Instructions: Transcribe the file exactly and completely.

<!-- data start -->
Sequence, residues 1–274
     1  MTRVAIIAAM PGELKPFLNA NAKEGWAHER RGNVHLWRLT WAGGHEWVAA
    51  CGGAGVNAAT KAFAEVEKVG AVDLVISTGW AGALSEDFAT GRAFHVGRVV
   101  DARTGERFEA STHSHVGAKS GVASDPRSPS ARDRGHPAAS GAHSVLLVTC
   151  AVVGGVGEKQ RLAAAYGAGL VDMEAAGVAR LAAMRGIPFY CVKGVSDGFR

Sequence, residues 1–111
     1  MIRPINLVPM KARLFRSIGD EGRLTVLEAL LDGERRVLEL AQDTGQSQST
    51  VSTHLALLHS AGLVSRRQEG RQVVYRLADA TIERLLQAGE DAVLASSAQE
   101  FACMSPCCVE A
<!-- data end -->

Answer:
Sequence, residues 1–274
     1  MTRVAIIAAM PGELKPFLNA NAKEGWAHER RGNVHLWRLT WAGGHEWVAA
    51  CGGAGVNAAT KAFAEVEKVG AVDLVISTGW AGALSEDFAT GRAFHVGRVV
   101  DARTGERFEA STHSHVGAKS GVASDPRSPS ARDRGHPAAS GAHSVLLVTC
   151  AVVGGVGEKQ RLAAAYGAGL VDMEAAGVAR LAAMRGIPFY CVKGVSDGFR

Sequence, residues 1–111
     1  MIRPINLVPM KARLFRSIGD EGRLTVLEAL LDGERRVLEL AQDTGQSQST
    51  VSTHLALLHS AGLVSRRQEG RQVVYRLADA TIERLLQAGE DAVLASSAQE
   101  FACMSPCCVE A